Logical Breakpoints For Responsive Design

About The Author

Vasilis van Gemert is the Principal Front-end Developer at Mirabeau in The Netherlands and a board member of Fronteers. His aim is to close the gap between … More about Vasilis ↬

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In this article, Vasilis van Gemert will show you several tactics for deciding where to put breakpoints in a responsive design. There is the rusty idea that they should be based on common screen sizes, but there are no “common” screen sizes. You’ll be able to use the theory in this article to better design your content for all different screen sizes.

There are several tactics for deciding where to put breakpoints in a responsive design. There is the rusty idea that they should be based on common screen sizes, but this doesn’t scale well. There are no “common” screen sizes. Another popular tactic is to create a breakpoint wherever the layout breaks.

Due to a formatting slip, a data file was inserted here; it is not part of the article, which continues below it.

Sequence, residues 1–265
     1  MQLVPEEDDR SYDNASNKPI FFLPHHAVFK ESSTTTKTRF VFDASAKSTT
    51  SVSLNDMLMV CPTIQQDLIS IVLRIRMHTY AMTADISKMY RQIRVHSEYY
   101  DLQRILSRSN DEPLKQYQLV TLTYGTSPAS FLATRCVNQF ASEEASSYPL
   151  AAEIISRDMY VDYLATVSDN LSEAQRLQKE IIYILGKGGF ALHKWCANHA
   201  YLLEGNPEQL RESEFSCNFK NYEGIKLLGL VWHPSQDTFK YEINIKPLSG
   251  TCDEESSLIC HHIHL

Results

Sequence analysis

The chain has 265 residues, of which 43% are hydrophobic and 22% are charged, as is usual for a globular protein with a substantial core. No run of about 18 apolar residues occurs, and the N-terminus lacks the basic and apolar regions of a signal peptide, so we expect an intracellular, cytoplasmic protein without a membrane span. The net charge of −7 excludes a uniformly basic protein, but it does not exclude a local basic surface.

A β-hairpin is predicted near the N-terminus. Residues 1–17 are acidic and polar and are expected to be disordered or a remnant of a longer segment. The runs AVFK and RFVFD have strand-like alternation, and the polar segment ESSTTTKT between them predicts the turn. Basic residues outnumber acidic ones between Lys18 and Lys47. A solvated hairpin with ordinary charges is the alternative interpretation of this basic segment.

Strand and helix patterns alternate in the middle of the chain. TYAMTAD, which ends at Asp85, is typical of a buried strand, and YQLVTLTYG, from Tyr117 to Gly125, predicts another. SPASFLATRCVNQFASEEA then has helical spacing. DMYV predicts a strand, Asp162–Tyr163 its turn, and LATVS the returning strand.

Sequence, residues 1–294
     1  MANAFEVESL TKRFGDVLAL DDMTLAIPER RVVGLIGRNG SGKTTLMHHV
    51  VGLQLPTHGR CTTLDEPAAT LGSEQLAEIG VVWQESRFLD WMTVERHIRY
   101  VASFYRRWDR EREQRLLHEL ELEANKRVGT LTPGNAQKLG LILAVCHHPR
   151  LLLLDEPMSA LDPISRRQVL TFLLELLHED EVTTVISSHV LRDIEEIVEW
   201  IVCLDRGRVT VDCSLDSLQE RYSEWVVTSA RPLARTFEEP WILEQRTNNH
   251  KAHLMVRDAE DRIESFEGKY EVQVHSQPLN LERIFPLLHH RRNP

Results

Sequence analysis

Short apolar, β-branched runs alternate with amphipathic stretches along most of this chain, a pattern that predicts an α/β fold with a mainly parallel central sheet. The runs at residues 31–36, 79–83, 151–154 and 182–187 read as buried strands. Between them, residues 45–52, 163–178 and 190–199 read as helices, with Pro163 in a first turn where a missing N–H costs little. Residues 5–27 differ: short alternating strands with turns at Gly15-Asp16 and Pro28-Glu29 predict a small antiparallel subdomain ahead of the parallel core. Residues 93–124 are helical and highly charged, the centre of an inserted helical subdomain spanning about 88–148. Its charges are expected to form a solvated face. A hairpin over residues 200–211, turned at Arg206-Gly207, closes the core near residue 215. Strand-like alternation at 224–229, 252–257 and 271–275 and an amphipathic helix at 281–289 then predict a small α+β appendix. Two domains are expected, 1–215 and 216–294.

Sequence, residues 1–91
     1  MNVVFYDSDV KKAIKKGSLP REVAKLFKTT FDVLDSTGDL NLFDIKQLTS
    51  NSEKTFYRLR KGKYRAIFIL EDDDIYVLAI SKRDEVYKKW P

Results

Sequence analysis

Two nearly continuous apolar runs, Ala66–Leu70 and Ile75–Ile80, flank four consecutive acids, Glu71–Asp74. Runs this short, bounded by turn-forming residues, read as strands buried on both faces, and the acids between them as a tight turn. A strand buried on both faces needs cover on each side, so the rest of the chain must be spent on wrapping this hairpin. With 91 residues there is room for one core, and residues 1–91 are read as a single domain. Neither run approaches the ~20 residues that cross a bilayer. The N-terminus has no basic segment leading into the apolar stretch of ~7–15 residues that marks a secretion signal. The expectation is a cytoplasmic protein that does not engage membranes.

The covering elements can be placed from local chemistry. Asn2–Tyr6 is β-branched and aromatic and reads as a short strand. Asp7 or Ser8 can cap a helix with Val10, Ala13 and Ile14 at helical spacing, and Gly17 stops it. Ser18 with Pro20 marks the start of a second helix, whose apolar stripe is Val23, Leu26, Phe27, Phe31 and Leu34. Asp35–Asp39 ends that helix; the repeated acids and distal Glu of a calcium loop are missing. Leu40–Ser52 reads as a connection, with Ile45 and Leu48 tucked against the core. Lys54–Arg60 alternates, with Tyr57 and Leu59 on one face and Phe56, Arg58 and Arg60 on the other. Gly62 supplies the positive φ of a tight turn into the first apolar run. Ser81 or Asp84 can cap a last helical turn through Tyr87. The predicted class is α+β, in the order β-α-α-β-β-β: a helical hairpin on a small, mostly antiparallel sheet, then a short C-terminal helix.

breakpoints for responsive design

This sounds much better. But it still leaves us with the question, How do you determine whether the layout is broken? One logical answer is to look at classic readability theory and to define our breakpoints based on that.

What Do The Books Say?

According to Robert Bringhurst, “Anything from 45 to 75 characters is widely regarded as a satisfactory length of line for a single-column page set in a serifed text face in a text size.” And Josef Müller-Brockmann writes that, “A column is easy to read if it’s wide enough to accommodate an average of 10 words per line.” A few variables determine the exact number of characters or words, but this is the basic theory: If you start with a small screen and you grow it, every time the width of the main content grows wider than either 75 characters or 10 words, something should happen. Simply said, these are your breakpoints.

Variables That Define The Ideal Measure